Lasting Powers of Attorney Solicitors

Unfortunately, none of us can guarantee that we will remain physically and mentally capable for the rest of our lives. An incapacitating illness or accident could hit any of us without warning, at any time. And of course, the older we get, the more likely this is to happen. Have you ever wondered what would happen if you were unable to look after your property and affairs yourself? How would your family cope?

Few people realise that due to increasingly complex data protection legislation, no one else is usually allowed to deal with your assets and other matters.

The Solution

By making a Lasting Power of Attorney (LPA) now, you can arrange to avoid leaving problems for those who would have to manage your affairs if you were unable to do so yourself. An LPA allows you to appoint one or more people whom you trust, together or separately, to act on your behalf in the event that you are unable to do so yourself. If you do not have an LPA, it may be that an application has to be made to the Court of Protection for a Deputy to be appointed and this is a complex, costly and time-consuming process.

By making an LPA you do not lose any control whatsoever over your affairs. You are merely taking a prudent step towards safeguarding against future problems for your loved ones and providing yourself with peace of mind. It also doesn’t have to be as costly as you might think and in most cases we will provide you with a fixed quote at the outset.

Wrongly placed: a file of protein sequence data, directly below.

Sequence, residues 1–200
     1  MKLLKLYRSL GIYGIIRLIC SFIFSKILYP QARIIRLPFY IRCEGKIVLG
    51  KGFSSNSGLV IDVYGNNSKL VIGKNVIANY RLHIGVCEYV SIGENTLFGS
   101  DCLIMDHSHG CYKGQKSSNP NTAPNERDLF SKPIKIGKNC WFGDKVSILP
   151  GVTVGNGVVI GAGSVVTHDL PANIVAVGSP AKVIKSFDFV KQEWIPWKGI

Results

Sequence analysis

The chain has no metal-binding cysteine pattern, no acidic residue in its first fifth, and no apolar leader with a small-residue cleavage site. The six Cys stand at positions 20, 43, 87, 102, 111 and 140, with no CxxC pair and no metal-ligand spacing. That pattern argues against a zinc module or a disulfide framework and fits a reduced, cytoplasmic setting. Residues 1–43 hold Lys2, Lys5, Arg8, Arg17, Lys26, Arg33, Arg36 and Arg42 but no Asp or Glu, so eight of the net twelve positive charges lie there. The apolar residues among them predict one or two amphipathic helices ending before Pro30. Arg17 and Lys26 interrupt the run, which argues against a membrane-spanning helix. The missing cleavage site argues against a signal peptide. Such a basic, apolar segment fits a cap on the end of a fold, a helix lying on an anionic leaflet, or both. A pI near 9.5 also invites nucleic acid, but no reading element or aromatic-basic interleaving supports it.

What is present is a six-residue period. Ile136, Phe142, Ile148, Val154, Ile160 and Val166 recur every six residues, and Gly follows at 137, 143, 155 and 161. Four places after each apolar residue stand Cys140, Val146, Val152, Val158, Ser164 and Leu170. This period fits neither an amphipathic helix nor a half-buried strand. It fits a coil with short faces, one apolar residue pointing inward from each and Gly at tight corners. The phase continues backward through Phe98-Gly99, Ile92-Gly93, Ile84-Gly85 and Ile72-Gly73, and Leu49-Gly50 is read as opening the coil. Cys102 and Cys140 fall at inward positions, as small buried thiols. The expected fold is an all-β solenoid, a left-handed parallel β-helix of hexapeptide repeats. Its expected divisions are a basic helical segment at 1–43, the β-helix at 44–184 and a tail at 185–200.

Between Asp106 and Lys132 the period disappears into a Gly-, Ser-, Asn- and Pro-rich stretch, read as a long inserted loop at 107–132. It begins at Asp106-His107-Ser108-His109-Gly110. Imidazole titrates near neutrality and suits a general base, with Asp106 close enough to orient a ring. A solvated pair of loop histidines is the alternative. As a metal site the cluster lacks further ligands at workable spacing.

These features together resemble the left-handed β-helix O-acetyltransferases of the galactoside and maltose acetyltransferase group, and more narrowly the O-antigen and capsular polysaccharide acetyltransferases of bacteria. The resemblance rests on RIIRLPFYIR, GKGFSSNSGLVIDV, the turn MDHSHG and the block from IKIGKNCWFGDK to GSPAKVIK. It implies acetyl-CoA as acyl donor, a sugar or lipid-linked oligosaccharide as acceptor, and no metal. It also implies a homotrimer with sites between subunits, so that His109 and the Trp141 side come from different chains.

Please call 0113 284 5000 or e-mail a member of the probate & estate administration team for more information.

Frequently Asked Questions about LPA

This is a document in which you appoint one or more people to act on your behalf in the event that you lose the ability to manage your property and affairs for yourself. Having a Lasting Power of Attorney in place gives you peace of mind, knowing that should you suddenly have an accident or become seriously ill that close family members or friends would be authorised to assist in sorting out your affairs.

No. Attorneys are governed by the Mental Health Act which says that attorneys must abide by your decisions until you are clearly unable to make them for yourself at all. Attorneys must always act in your best interests. Having said that, you should only appoint someone you trust.

Yes. But you need to be aware that if you make a small error, e.g. a wrong date in a 14 page form, the Office of the Public Guardian may retain your Court fee of £110.00 and you will almost certainly have to re-submit the paperwork. In the unlikely event that we were to prepare this for you and got it wrong we would pay the cost of correcting things. In addition, we can answer any questions you may have in relation to powers of attorney.